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Appendix O: Packing it in: Preparing for Fieldwork in the PRC
Pages 227-232

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From page 227...
... The microfiltration systems manufactured by the Katadyn Corporation enjoy World Health Organization and International Red Cross approval but are relatively expensive (individual units cost about $250 and larger filters for base camps Preprinted from China Exchange News, Spring 1992 227
From page 228...
... In such cases, primary considerations include whether or not base camps can be established near main transportation arteries, the number of people participating in the fieldwork, and cost, because such "convenience foods" are vastly more expensive than locally available supplies. While small camp stoves that burn bottled butane are convenient they should be avoided in China since they cannot be transported by air (intrepid but uninformed mountaineering expeditions regularly have their bottled fuel confiscated by Chinese airport authorities, much to their chagrin)
From page 229...
... To be sure, many, if not most, Chinese drivers are competent, cooperative people; however, the choice of who will drive should not be taken lightly and Western researchers should always reserve the right to demand a substitute driver in the event of "irreconcilable differences." Since there are no car and truck rental agencies per se in China, most foreign fieldworkers will enter into a contractual arrangement for the use of vehicles with a local governmental organ (generally the Foreign Affairs Office of the county or district-level People's Government) or branch of the Chinese Academy of Sciences.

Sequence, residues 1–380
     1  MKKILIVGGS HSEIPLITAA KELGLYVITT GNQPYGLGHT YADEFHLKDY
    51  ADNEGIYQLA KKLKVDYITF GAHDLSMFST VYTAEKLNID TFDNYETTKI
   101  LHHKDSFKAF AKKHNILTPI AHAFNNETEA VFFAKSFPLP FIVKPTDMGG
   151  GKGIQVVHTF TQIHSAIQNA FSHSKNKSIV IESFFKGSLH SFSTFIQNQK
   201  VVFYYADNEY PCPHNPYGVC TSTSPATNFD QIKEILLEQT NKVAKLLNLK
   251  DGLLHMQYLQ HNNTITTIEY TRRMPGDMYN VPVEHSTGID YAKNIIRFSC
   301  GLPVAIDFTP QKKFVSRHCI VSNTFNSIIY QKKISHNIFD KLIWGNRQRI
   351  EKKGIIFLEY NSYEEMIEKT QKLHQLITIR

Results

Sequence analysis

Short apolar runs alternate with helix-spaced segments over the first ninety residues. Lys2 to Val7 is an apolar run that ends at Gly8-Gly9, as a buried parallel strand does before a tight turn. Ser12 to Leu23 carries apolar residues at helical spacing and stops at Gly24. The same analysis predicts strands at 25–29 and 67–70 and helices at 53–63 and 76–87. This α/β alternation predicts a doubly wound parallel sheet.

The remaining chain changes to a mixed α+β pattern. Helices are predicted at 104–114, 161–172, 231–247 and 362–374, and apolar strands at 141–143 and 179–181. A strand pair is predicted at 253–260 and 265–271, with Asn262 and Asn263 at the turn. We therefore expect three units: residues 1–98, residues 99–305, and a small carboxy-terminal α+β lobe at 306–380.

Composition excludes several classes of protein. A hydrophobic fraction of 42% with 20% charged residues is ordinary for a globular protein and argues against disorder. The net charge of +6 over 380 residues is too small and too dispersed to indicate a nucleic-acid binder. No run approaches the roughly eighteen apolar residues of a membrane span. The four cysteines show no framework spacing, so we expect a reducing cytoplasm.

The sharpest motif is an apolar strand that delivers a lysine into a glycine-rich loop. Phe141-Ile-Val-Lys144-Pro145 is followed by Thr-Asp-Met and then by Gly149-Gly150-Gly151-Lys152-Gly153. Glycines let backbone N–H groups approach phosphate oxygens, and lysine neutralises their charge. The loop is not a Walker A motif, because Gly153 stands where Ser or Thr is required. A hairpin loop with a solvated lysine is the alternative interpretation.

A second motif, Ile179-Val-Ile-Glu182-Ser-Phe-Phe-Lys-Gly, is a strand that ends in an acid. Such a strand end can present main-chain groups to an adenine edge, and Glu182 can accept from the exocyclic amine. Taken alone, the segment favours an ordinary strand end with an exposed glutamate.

From page 230...
... This machine, which rides like a buckboard and is invariably too hot or too cold because of improper ventilation, is also extremely reliable and simple to prepare. Many fieldworkers find that a Toyota Land Cruiser and a Beijing Jeep are a winning combination for field parties of six to eight people since the Land Cruiser's relative comfort and superior visibility make it a natural for transporting people while the smaller jeep can be used to haul luggage and equipment and carry out reconnaissance, often at a lower per-kilometer charge.
From page 231...
... Chinese authors themselves must have maps approved by the National Bureau of Surveying and Mapping (Guojia Cehuiju) before they can be published, indicating that maps are very special, closely controlled items in China.
From page 232...
... have begun to augment, if not replace, more traditional compass-based orienteering techniques in the field. While GPS continues to be a relatively expensive technology, prices are rapidly dropping; some systems (such as the AccuNav by Eagle)

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